Management Lessons from Zingerman’s CEO Ari Weinzweig


It was a very pleasant surprise that ASQ chose Ari Weizweig, a founder and CEO of Zingerman's Deli (and other businesses) in Ann Arbor, to be the opening keynote speaker at the recent ASQ Lean & Six Sigma Conference in Phoenix. Paraphrasing Ferris Bueller's Day Off — late February in Phoenix is so choice, if you have the means I highly recommend going. And the conference was great too.

I grew up in Michigan and lived in Ann Arbor right after college, so I've certainly been to Zingerman's. Ari was a fantastic speaker, as his approach to business and leadership really resonated with me. Rather than spouting the usual MBA thinking, Ari has found his own path and I think he has a very compelling message.

Out of his first book, Building a Great Business  A Lapsed Anarchist's Approach to Building a Great Business  Management principles from Zingerman's, Ari shared his “12 natural laws of business,” which I'll comment on here. Yes, you read that he's a “lapsed anarchist” (something he describes in his book). That doesn't mean he wants anarchy, but he's just not real predisposed to answering to authority figures (or that's how I'm paraphrasing it).

He's certainly a capitalist, but the type who really wants to build something special for customers as well as being a great place to work and learn. There are probably aren't enough data points to have a statistically valid comparison, but I wonder if the CEOs who were Russian History majors (like Ari) outperform the usual MBA suspects (and I ask this having an MBA myself).

Before getting into his 12 laws, the title of the talk struck a chord:

Fixing the Energy Crisis in the American Workplace

My thoughts that were spurred by the title: Why are so many workplaces so devoid of real human energy? Do these workplaces attract lifeless drones or do they manage to beat people down over time? Probably the latter, thinking of Dr. Deming's curve showing that intrinsic motivation seemed to only go DOWN over time in the typically dysfunctional management systems. Ari said most companies are paying people full wages to work at “just 15 to 37% of their capacity.”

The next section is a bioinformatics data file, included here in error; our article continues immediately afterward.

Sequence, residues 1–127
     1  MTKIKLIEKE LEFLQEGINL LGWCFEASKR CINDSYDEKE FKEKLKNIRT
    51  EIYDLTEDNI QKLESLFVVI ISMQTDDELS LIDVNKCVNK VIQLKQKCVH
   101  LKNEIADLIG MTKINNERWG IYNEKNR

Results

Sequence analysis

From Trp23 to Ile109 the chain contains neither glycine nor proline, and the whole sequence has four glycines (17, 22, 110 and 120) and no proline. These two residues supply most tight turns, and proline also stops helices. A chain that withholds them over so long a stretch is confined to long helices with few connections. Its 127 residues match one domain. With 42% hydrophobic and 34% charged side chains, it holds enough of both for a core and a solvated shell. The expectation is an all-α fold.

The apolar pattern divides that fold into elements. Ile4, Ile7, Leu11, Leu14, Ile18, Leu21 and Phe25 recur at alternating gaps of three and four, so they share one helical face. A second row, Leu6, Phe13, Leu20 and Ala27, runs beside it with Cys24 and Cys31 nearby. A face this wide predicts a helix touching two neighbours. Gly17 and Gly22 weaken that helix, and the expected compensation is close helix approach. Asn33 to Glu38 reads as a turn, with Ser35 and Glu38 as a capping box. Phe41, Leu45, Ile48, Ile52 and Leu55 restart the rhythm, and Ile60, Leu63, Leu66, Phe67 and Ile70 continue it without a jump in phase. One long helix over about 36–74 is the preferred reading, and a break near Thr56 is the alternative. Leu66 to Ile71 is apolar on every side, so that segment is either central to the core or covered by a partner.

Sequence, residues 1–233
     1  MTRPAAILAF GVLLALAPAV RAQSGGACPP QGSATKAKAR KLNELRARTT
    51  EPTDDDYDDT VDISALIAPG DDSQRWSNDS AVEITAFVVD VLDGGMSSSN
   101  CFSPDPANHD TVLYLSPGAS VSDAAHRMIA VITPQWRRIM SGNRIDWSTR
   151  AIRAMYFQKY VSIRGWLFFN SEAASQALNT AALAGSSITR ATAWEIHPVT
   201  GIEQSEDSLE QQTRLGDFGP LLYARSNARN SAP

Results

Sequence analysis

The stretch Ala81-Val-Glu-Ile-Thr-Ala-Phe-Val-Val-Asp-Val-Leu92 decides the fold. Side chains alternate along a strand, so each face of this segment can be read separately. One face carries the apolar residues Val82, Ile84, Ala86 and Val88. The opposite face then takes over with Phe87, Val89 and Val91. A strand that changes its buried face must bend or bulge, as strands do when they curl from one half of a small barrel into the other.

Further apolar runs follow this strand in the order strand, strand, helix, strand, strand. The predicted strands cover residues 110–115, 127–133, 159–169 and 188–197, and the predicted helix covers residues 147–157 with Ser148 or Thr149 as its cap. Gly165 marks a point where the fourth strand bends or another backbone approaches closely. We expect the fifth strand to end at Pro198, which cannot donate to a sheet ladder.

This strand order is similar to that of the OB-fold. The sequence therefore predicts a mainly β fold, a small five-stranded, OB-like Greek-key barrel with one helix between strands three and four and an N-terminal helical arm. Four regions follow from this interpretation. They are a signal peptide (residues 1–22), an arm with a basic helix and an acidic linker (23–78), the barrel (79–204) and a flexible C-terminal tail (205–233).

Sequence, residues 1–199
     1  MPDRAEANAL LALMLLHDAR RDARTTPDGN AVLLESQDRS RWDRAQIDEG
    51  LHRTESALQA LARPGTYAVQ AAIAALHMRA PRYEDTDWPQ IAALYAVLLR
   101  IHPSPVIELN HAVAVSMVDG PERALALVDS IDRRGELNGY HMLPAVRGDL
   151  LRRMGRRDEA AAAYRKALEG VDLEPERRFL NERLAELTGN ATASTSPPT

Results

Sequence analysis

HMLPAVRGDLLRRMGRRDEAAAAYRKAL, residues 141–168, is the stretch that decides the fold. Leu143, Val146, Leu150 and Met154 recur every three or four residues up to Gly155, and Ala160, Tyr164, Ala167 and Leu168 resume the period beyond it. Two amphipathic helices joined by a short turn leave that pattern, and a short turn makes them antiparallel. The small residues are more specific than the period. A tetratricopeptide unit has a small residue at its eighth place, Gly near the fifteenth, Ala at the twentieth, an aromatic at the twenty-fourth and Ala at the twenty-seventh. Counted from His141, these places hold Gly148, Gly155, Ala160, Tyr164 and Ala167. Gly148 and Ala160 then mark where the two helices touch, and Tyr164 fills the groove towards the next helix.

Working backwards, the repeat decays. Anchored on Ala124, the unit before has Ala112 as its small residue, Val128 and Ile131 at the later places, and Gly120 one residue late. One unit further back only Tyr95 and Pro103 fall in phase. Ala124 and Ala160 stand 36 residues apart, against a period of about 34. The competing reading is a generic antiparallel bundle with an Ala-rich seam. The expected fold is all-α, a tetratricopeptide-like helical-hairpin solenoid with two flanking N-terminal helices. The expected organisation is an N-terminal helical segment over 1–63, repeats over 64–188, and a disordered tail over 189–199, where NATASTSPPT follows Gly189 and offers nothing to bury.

Ari said that “everything great we've done, people said it wouldn't work” and he referenced Dr. Deming in that sometimes you have to “ignore everybody” and do what you believe in. I don't recall that as being a key Deming teaching, but that's who he cited. Ari cites three keys for his business success (for which “there truly is no secret”):

  1. Servant leadership – citing Greenleaf
  2. Open book management – citing Stack
  3. Quality

Ari crafted a great analogy when he said their business is “very much like an organic garden. Each element contributes to the other. You can't quantify how each piece contributes. Everybody benefits.” This reminded me a lot of Lean as a business system — each mindset, tool, and method contributes to the other. That's why it's so hard to piece meal your way into a Lean culture by choosing a tool here and there within the context of a non-Lean culture.

Ari compared the “corporate world” to monocropping. When you grow just a single crop, you get higher yields in the short-term, but then problems occur. This reminds of Deming's teachings (and Toyota's) that you have to focus on the long-term over the short-term.

He pointed out that a farm can't switch from conventional to organic overnight. Doesn't that sound like traditional organizations that want to switch to the Lean model overnight? In farming, it takes “2 to 3 years to get the soil ready,” otherwise the new crops will die because the soil is not receptive and “there's no energy in the soil.” What's the parallel to soil in a business? How do we make leaders and an organization receptive to Lean?

Ari said it takes:

  • 2 years to get stability
  • 4 years to get good
  • 6 years to work on being great
  • 8 years to really get there